Editor’s Note: This series is produced in partnership with the World Health Organization (WHO).
Humanitarian crises can affect the lives of men and women differently – and the coronavirus pandemic is no exception.
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Women have shown better COVID-19 outcomes than men – in part thanks to an additional X chromosome and sex hormones like oestrogen, which provoke better immune responses to the virus that causes COVID-19. But any such advantage is reversed when it comes to the social and economic effects of the pandemic; here the brunt falls heaviest on women.
“COVID-19 has had a devastating social and economic impact on women and girls, reversing decades of limited and fragile progress on gender equality,” United Nations Secretary-General Antonio Guterres warned last week.
Since governments around the world shut borders and slowed economic activities to curb the spread of the coronavirus, the global economy is expected to shrink by more than five percent in 2020 – this would be the worst recession since World War II.
Such economic hardship, though, reflects differently on men compared with women, who represent 39 percent of the global workforce but account for 54 percent of overall job losses.
“What has disproportionately affected women is insecurity and loss of employment because women tend to work in informal sectors with no financial protection or benefits,” explained Avni Amin, a scientist working at the department of sexual and reproductive health and research on violence against women at the World Health Organization (WHO).
As an example, more than 90 percent of the labour force in sub-Saharan Africa is composed of informal workers, most of whom are female, whose jobs are more at risk due to the pandemic, according to a World Bank report.
Women tend to work in informal sectors, so when the economy goes down, they are the first to lose their jobs.
Overall, women’s work is 1.8 times more vulnerable than men’s, according to data gathered by the management consulting firm McKinsey & Company.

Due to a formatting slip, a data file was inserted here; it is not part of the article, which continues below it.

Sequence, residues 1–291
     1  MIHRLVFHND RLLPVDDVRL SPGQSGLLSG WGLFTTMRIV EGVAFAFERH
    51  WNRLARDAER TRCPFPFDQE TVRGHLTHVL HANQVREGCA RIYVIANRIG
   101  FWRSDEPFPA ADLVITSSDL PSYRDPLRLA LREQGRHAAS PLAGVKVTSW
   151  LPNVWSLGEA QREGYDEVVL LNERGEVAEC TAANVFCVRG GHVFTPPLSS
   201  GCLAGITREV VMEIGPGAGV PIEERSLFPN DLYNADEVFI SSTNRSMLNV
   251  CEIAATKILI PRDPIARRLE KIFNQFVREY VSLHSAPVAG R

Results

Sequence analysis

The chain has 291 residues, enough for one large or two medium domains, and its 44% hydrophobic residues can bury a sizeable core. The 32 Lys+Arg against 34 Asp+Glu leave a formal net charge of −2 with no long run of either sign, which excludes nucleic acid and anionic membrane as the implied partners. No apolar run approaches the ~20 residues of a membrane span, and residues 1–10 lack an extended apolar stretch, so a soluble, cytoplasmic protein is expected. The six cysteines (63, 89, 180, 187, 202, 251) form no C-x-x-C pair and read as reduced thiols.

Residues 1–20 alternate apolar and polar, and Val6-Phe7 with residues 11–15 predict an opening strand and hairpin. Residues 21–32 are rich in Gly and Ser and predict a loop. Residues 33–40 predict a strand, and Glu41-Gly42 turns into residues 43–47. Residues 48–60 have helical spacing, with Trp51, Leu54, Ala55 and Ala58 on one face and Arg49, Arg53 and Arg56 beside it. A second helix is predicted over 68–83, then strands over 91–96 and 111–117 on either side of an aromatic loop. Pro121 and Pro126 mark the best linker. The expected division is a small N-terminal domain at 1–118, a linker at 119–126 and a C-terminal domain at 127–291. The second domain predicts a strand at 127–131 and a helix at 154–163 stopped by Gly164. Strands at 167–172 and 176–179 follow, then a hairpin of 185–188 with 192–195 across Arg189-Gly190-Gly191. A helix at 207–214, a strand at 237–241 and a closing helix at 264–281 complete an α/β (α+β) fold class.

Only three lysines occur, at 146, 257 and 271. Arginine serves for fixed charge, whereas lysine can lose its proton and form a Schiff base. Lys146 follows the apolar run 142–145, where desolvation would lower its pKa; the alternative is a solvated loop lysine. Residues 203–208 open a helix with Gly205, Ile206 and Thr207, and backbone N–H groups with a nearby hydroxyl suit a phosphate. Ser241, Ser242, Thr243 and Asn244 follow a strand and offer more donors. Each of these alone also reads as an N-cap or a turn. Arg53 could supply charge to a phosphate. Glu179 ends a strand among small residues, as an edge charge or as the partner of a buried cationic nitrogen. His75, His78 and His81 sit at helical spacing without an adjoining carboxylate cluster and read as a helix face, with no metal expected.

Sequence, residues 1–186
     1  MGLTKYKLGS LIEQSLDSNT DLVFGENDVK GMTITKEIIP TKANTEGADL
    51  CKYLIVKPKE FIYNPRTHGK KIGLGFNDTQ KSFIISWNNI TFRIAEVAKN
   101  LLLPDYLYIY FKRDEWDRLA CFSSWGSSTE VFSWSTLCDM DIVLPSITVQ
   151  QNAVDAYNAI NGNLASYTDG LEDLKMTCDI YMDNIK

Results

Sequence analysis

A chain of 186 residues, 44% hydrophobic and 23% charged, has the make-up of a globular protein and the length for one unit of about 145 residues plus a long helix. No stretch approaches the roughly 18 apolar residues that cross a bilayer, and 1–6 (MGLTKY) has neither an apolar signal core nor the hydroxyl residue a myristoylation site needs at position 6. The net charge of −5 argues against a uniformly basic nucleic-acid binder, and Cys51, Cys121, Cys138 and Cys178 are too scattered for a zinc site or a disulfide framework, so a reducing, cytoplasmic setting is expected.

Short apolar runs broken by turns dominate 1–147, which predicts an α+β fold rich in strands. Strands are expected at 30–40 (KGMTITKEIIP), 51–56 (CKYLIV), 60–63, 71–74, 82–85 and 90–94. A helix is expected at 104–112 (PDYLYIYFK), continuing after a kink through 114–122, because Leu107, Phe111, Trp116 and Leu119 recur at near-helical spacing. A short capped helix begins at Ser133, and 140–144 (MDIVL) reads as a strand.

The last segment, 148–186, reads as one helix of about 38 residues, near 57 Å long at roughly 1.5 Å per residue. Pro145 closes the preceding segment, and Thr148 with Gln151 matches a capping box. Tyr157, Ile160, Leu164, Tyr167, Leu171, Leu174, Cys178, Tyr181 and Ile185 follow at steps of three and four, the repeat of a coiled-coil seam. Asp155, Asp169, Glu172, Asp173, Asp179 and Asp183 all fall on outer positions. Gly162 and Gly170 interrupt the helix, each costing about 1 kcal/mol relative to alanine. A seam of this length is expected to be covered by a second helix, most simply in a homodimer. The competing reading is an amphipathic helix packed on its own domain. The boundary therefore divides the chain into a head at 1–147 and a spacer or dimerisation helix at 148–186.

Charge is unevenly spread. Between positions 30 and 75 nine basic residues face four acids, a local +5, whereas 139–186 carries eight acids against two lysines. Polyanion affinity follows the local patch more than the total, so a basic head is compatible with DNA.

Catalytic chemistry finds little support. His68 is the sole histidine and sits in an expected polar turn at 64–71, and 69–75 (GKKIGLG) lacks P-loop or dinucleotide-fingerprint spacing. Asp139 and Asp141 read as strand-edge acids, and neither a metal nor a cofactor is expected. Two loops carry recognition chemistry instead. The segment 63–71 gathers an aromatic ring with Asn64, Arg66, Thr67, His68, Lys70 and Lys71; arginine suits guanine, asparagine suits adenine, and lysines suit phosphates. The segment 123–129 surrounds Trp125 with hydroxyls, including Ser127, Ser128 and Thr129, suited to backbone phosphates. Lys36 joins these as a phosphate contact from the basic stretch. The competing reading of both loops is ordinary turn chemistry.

“Women tend to work in informal sectors, so when the economy goes down, they are the first to lose their jobs,” Amin said.
The risk is not just on the economic front. Women make up 70 percent (PDF) of the global health workforce and are highly represented on the front lines. As a result, they are more frequently exposed to infected patients.
Data gathered by UN Women shows that of all healthcare workers infected with COVID-19 in Spain and Italy, 72 percent and 66 percent respectively were women.
The ‘triple burden’
When women can keep their jobs but have to work from home during the pandemic, new challenges arise; more hours of unpaid care work get added to a daily load already disproportionately carried by women.
Before the pandemic, women performed 76.2 percent of the total hours of unpaid care work, more than three times as much as men, according to the International Labour Organization. This percentage increased to 80 percent when looking at Asia and the Pacific.
While they were forced to stay home during lockdowns, women in France, Germany and the United States spent significantly more time caring for children. In other cases, working mothers spent less time on paid work but more on household work.
“The impact [of the pandemic] on time scarcity for women has been large with implications on stress and mental health,” said Amin, adding that women are bearing a “triple burden” of domestic and family responsibilities, caring for the sick, in addition to work.